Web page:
NSAC's Blog

Using EQIP to Go Organic

October 16, 2015

Farmers who transition to organic production gain environmental as well as economic benefits when they make the switch to organic. However, these producers take on significant costs during the transition when the organic price premium is not yet reflected in their sales. Transitioning producers also face a unique set of conservation challenges. This guest post from Steve Carlson, Beginning Farmer and Program Associate, at Practical Farmers of Iowa highlights the opportunity for transitioning producers to receive support through the Environmental Quality Incentives Program (EQIP) Organic Initiative.  

Prairie Sky Farm_Sara Hanson

Sarah Hanson, Photo Credit – Practical Farmers of Iowa

Identifying Local NRCS Partners

When Sara Hanson moved back to her family’s farm in Wesley, Iowa, she had the experience, land, and vision to start her own organic farm business. However, converting a conventional row crop farm into a certified organic vegetable farm is neither easy nor cheap.

A trip to Sara’s Natural Resources Conservation Service (NRCS) office helped get the process started, as she met with a field agent to discuss her needs and brainstorm next steps. With the help of NRCS, Sara evaluated her options, developed a conservation plan, and completed an application for Environmental Quality Incentives Program (EQIP) Organic Initiative.

EQIP Organic Initiative

The EQIP Organic Initiative, administered by NRCS, provides financial assistance to organic producers to address resource concerns by implementing and installing conservation practices tailored to organic producers. It is available in all states and counties through local field offices, and helps to fund conservation plans, buffer zones, pollinator habitat, irrigation efficiency, nutrient management, cover crops, and other conservation practices tailored to organic producers.

The Organic Initiative is one of four national EQIP initiatives. Organic and transitioning producers can apply for funds through general EQIP or through the Organic Initiative. While the Organic Initiative allows producers to compete in a smaller pool of applicants than general EQIP, thus increasing the odds of being selected, participants are subject to a significantly lower payment limit. Hence, careful consideration must be given to how much funding is being sought in deciding whether to go through the Organic Initiative.

EQIP can provide up to 75 percent of the costs for conservation practices, and for beginning or socially disadvantaged farmers the cost share can be as high as 90 percent. Contracts generally last from one to three years, but depending on the practice can be as long as 10 years.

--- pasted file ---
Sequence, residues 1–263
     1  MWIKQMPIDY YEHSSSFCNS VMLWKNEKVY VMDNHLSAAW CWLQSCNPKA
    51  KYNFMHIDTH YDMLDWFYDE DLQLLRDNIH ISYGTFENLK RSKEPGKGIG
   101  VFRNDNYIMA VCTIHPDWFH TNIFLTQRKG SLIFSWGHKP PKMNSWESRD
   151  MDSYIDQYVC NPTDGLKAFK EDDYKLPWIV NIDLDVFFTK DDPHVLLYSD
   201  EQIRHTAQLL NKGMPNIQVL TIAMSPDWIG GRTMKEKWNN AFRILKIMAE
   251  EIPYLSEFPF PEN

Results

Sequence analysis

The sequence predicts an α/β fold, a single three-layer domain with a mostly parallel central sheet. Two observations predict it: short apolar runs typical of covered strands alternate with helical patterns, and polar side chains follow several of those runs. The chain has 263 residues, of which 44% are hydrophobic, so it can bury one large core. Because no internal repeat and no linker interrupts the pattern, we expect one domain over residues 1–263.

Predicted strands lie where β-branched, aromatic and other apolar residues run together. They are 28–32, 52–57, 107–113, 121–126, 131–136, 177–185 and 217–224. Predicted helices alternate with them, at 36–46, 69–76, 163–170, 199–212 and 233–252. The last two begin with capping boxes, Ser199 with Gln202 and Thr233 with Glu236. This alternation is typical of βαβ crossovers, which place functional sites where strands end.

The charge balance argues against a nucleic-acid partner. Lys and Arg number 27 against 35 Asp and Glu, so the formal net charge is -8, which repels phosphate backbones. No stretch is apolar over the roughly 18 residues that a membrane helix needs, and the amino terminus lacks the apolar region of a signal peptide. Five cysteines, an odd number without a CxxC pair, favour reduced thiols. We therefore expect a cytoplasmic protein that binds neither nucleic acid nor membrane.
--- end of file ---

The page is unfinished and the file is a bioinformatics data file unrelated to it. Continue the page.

Conservation Planning for Organic Transition

Through the Organic Initiative, Sara developed a conservation plan for her farm. The conservation plan included that Sara would transition three conventional field crop acres to organic by planting alfalfa with a 30-foot prairie buffer on three sides. After her organic transition plan was in place, Sara was able to receive cost-share assistance through the Organic Initiative for expenses such as the cost of alfalfa seed and a grain drill rental.


Wendy Johnson, Photo Credit: Helen Gunderson

Iowa farmer Wendy Johnson also received funding through the Organic Initiative, but encountered challenges around the timing of her conservation plan. Wendy operates a diversified farm that includes corn, soybeans, hay, sheep, hogs and chickens. She transitioned 27 acres into organic row crop production, and worked with technical service provider (TSP) Joe Lally to produce the required Conservation Activity Plan (CAP) supporting organic transition.

Lally is the only technical service provider in Iowa who works on organic transition plans, which is reflective of the critical need for increased training to expand the number of TSPs who can complete organic transition plans.

EQIP funding covered the cost of completing the conservation plan, but Wendy fears she may have missed out on more funding because of recent changes to the application timing and miscommunication with NRCS staff.

“I recommend that farmers start the process early,” Wendy says, “and be in really good communication with your NRCS district conservationist.”

How to Apply

For producers looking to EQIP as they transition land to organic production, close communication and collaboration with local NRCS offices is a critical piece of the puzzle.

“The main thing,” says Paul Miller, a district conservationist in Polk County, Iowa, “is just to get the field agent out to the farm to discuss the best options for that particular land, and to get a plan drawn up.”

Applications for EQIP funding are accepted anytime, though there are periodic batching dates when the applications on file are ranked and selected. To apply for EQIP funding, stop by your county NRCS office, or call to have NRCS staff visit your farm and evaluate your conservation options. NRCS staff will determine your eligibility, walk you through the application process and help develop an EQIP plan of operations.

Categories: Conservation, Energy & Environment, Organic

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